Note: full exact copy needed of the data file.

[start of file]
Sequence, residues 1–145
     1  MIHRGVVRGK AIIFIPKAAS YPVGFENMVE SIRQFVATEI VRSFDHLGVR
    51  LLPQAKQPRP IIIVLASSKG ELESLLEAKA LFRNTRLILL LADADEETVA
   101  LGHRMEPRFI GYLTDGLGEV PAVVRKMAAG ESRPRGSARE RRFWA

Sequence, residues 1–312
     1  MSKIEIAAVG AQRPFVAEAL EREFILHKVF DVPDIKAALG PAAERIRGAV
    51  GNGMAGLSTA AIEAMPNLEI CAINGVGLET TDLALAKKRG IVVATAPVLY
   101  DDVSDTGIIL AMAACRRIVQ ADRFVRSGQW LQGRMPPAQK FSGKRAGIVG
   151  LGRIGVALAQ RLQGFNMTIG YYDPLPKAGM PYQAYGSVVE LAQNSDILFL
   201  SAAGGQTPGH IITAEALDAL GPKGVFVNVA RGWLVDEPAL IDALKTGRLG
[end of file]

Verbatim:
Sequence, residues 1–145
     1  MIHRGVVRGK AIIFIPKAAS YPVGFENMVE SIRQFVATEI VRSFDHLGVR
    51  LLPQAKQPRP IIIVLASSKG ELESLLEAKA LFRNTRLILL LADADEETVA
   101  LGHRMEPRFI GYLTDGLGEV PAVVRKMAAG ESRPRGSARE RRFWA

Sequence, residues 1–312
     1  MSKIEIAAVG AQRPFVAEAL EREFILHKVF DVPDIKAALG PAAERIRGAV
    51  GNGMAGLSTA AIEAMPNLEI CAINGVGLET TDLALAKKRG IVVATAPVLY
   101  DDVSDTGIIL AMAACRRIVQ ADRFVRSGQW LQGRMPPAQK FSGKRAGIVG
   151  LGRIGVALAQ RLQGFNMTIG YYDPLPKAGM PYQAYGSVVE LAQNSDILFL
   201  SAAGGQTPGH IITAEALDAL GPKGVFVNVA RGWLVDEPAL IDALKTGRLG